10 December 2010

Tell me, Mr. Taylor, where did you put your humour?

I'm surprised. I'm impressed. I'm bedazzled. I'm in love. Never knew that could happen with an actor I scorned long ago - and only because I saw all the wrong movies with him! Jesus! I'm either really narrow-minded or really snobbish - which you shouldn't be as a film freak...*utterly embarrassed expression*.

Anyway, the actor I'm talking about is none other than Robert Taylor!

A couple of months ago I watched "Camille" (1936) with Greta Garbo and Robert T., the latter playing a young, handsome suitor, and I was amazed by Robert's performance. I must remind you that I've have only seen him in some of his later movies from about the late '40s to the '50s on TCM, and I was often bored by his (let's face it) rather stiff and wooden acting in these movies. He always seemed to appear in all those stereotyp adventure films, playing a tough gunman or knight or whatever. He did nothing unusual or exceptional, he just rode his horse, killed the bad guy(s) and kissed the girl. So you can imagine I was surprised to see an eager, sensitive and expressive 'anti-Robert' in "Camille". I became very interested and started searching for other movies he made in the '30s (when he was only in his twenties). And luckily I found quite a lot. Mostly comedies which surprised me even more - and all the same made me more happier!

Gosh, I've come to adore this man! What a talent he had for comedy! I was literally gaping when I saw him jumping and sprinting across the screen like another Chaplin, being rejected (!) by girls and laughing like no one else (with a look like his) ever had! :-O

Even his more dramatic side impressed me deeply and I believe that he could pull off almost every kind of character - if he only had been given the chance. His expressions were much more varied, easy-going and natural than they were later on, and it's really such a shame that he didn't made more movies like that. I've heard some argue that it was because of the war that he became more stiff and emotionless in his later movies and that he chose more dramatic roles, wanting to get away from the cheerful roles he had had as a young actor. It's very likely that the same happened to Clark Gable, though he did pick the comedy genre again after the war and managed to pull it off. Nevertheless, it's sad how war can affect the spirit so profoundly - even or especially in those whose job literally is to act/pretend otherwise.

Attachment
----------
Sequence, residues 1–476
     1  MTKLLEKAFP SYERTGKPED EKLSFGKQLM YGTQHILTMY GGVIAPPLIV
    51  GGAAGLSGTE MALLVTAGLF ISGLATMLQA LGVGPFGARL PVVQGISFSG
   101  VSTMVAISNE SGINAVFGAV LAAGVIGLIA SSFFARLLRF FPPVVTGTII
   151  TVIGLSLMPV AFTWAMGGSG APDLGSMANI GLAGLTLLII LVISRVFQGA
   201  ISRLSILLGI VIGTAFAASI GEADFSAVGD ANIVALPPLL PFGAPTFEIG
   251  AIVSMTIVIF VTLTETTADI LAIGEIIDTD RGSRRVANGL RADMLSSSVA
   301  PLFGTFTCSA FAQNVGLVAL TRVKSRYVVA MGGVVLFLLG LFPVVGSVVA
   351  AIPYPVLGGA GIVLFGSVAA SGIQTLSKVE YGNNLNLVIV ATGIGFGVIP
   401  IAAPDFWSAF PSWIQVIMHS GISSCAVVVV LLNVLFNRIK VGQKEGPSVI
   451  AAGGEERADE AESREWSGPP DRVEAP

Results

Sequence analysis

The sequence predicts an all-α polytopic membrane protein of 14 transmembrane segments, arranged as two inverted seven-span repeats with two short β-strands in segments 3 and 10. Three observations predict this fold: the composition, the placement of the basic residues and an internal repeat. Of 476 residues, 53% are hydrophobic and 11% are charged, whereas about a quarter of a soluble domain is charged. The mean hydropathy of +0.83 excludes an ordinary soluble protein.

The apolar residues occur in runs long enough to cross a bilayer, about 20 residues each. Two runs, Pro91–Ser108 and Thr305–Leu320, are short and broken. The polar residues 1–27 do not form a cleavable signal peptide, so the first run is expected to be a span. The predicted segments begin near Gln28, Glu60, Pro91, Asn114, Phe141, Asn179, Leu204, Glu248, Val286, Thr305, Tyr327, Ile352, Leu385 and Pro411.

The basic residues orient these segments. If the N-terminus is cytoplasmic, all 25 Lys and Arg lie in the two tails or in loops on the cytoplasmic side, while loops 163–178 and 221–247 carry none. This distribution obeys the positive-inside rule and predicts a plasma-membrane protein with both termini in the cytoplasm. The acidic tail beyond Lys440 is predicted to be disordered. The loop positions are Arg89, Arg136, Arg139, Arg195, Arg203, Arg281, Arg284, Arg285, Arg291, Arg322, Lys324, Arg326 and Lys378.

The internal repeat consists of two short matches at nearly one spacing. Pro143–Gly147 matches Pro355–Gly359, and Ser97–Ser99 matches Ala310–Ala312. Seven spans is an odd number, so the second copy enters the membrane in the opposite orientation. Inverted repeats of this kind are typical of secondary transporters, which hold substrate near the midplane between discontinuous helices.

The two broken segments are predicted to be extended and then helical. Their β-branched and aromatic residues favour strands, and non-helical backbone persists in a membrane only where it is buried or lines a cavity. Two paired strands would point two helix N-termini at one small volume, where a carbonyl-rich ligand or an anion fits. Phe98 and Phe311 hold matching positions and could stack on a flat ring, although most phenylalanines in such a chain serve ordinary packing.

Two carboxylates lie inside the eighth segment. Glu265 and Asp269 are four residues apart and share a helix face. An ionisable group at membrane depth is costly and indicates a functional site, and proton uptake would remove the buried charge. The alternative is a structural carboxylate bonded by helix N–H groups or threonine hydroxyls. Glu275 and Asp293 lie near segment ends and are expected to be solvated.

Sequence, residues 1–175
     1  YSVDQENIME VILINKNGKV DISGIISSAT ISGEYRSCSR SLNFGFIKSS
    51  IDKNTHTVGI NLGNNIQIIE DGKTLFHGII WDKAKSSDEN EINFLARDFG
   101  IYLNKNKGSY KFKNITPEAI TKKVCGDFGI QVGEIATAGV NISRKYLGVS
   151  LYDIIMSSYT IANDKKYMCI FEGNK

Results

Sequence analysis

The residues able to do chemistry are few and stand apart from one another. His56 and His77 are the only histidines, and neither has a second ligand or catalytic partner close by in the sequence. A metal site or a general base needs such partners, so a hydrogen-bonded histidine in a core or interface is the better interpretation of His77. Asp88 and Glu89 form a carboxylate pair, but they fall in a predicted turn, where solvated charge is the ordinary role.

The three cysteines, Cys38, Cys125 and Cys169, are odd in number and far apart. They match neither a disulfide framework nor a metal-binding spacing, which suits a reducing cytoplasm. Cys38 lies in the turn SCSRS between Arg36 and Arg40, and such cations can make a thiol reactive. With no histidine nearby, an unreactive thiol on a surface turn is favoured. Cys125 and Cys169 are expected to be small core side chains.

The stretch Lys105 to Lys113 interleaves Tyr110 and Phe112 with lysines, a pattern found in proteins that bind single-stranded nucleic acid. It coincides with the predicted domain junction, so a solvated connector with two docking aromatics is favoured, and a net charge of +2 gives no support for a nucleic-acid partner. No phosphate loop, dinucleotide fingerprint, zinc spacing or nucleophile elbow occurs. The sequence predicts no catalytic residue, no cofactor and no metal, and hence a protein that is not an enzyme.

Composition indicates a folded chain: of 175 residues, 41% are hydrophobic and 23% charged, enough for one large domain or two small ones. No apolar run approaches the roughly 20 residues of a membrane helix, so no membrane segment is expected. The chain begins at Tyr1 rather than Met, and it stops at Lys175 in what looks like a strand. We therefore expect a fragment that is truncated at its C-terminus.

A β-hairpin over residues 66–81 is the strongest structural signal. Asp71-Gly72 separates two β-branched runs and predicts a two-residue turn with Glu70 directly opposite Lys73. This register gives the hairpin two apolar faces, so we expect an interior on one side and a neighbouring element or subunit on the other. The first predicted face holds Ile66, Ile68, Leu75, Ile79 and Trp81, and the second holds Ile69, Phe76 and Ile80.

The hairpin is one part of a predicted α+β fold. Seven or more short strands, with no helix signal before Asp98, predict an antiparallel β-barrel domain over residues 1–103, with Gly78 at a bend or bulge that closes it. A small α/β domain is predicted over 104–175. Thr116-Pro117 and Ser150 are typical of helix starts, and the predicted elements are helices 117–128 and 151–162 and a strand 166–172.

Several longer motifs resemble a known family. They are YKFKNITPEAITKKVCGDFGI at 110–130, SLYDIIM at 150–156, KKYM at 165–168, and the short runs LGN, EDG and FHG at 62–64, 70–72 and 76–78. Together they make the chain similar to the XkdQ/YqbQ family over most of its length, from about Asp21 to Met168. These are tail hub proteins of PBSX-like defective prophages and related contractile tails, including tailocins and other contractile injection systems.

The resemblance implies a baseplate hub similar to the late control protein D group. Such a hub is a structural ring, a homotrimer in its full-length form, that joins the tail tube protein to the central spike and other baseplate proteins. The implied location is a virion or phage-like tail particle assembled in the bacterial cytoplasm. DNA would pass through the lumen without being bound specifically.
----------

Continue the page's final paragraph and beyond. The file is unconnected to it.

Well, I still find Robert's first movies his best (making him a seriously underrated actor, in my opinion!) and I'm not even finished watching the entire list, but I'm almost sure he cannot let me down after so many great performances already.

I'll treat you with a little sneak peek from one of my favorite films with him; "Personal Property" (1937):

PS. I'll be sure to update this post when I've seen the rest of the movies :)

24 November 2010

Magical Musicals No More?

Where have they gone? The musicals. Some claim the genre is now dead, and that it is only kept alive, hidden in an immortal time, and brought back from our memory when nostalgia seems to take over. The magic has died, apparently. Or has it?

Sure, musicals are still seen in our modern society – after all, Broadway still exists – so the magic cannot be entirely dead, can it?

Actually, we do have some good examples of musical creativity in this century: Rob Marshall’s successful “Chicago” (2002), Baz Luhrmann’s popular “Moulin Rouge!” (2001), and other hit-musicals such as “Dreamgirls” (2006) and “Sweeney Todd” (2007) - and even new geeky high school tv series "Glee" (2009-present) - among others. Yet, so few, compared to the number of musicals the studios once made.